ConsumerRecords<String, Quote> records = quoteConsumer.poll(Duration.ofMillis(10000));
        Quote quote = records.records("quotes").iterator().next().value();
        assertEquals(quote.id, quoteId.toString());
    }
}

Here is the log produced by Quarkus Dev Service which shows that you can connect to localhost:49172 to access your Test Kafka cluster from outside:

2022-05-09 16:59:26,026 INFO  [org.tes.DockerClientFactory] (build-17) Checking the system...
2022-05-09 16:59:26,027 INFO  [org.tes.DockerClientFactory] (build-17) ︎ Docker server version should be at least 1.6.0
2022-05-09 16:59:26,090 INFO  [org.tes.DockerClientFactory] (build-17) ︎ Docker environment should have more than 2GB free disk space
2022-05-09 16:59:26,148 INFO  [ .io/.11.2]] (build-17) Creating container for image: docker.io/vectorized/redpanda:v21.11.2
2022-05-09 16:59:26,321 INFO  [ .io/.11.2]] (build-17) Container docker.io/vectorized/redpanda:v21.11.2 is starting: 7c7e743d15dfa4cbc75c2ac2e1ca202a3fc5478aea0061bb0fcb0337a0d5c982
2022-05-09 16:59:27,551 INFO  [ .io/.11.2]] (build-17) Container docker.io/vectorized/redpanda:v21.11.2 started in PT1.449898S
2022-05-09 16:59:27,552 INFO  [io.qua.kaf.cli.dep.DevServicesKafkaProcessor] (build-17) Dev Services for Kafka started. Other Quarkus applications in dev mode will find the broker automatically. For Quarkus applications in production mode, you can connect to this by starting your application with -Dkafka.bootstrap.servers=OUTSIDE://localhost:49172

Testing Keycloak

Let’s see another example. To Test Keycloak OIDC authorization include the following dependencies in your pom.xml:

<dependency>
    <groupId>io.quarkus</groupId>
    <artifactId>quarkus-keycloak-authorization</artifactId>
</dependency>
<dependency>
    <groupId>io.quarkus</groupId>
    <artifactId>quarkus-oidc</artifactId>
</dependency>

Next, to allow Quarkus Test to pull Keycloak Image, make sure the property quarkus.oidc.auth-server-url is undefined for the dev/test profile:

%prod.quarkus.oidc.auth-server-url=https://localhost:8543/realms/quarkus
quarkus.oidc.client-id=backend-service
quarkus.oidc.credentials.secret=secret
quarkus.oidc.tls.verification=none
quarkus.keycloak.devservices.realm-path=quarkus-realm.json
quarkus.oidc.token.issuer=any

# Enable Policy Enforcement
quarkus.keycloak.policy-enforcer.enable=true
quarkus.keycloak.policy-enforcer.lazy-load-paths=false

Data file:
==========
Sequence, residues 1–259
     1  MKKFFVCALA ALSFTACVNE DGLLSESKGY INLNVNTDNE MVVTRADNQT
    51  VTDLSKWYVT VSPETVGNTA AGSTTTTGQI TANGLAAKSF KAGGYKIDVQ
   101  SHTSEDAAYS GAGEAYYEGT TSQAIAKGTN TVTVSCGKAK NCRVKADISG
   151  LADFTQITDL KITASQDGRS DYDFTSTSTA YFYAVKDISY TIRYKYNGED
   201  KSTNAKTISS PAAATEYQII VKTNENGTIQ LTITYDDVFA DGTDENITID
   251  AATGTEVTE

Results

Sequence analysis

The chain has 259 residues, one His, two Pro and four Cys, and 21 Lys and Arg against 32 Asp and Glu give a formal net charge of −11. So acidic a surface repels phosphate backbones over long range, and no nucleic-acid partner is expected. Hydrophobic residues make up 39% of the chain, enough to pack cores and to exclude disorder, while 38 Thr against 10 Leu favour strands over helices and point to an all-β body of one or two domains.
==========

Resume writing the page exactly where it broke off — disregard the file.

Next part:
# Disables policy enforcement for a path
quarkus.keycloak.policy-enforcer.paths.1.path=/api/public
quarkus.keycloak.policy-enforcer.paths.1.enforcement-mode=DISABLED

Finally, the following Test Class shows how to use io.quarkus.test.keycloak.client.KeycloakTestClient to connect to the Keycloak Identity Server:

@QuarkusTest
public class PolicyEnforcerTest {
    static {
        RestAssured.useRelaxedHTTPSValidation();
    }

    KeycloakTestClient keycloakClient = new KeycloakTestClient();

    @Test
    public void testAccessUserResource() {
        RestAssured.given().auth().oauth2(getAccessToken("alice"))
                .when().get("/api/users/me")
                .then()
                .statusCode(200);
        RestAssured.given().auth().oauth2(getAccessToken("jdoe"))
                .when().get("/api/users/me")
                .then()
                .statusCode(200);
    }

    @Test
    public void testAccessAdminResource() {
        RestAssured.given().auth().oauth2(getAccessToken("alice"))
                .when().get("/api/admin")
                .then()
                .statusCode(403);
        RestAssured.given().auth().oauth2(getAccessToken("jdoe"))
                .when().get("/api/admin")
                .then()
                .statusCode(403);
        RestAssured.given().auth().oauth2(getAccessToken("admin"))
                .when().get("/api/admin")
                .then()
                .statusCode(200);
    }

    @Test
    public void testPublicResource() {
        RestAssured.given()
                .when().get("/api/public")
                .then()
                .statusCode(204);
    }

    private String getAccessToken(String userName) {
        return keycloakClient.getAccessToken(userName);
    }
}

Conclusion

In this second tutorial about Quarkus Testing, we have covered Integration testing with external resources. We have shown how to use Quarkus Dev Services to simplify the testing how external resources by automatically pulling container images.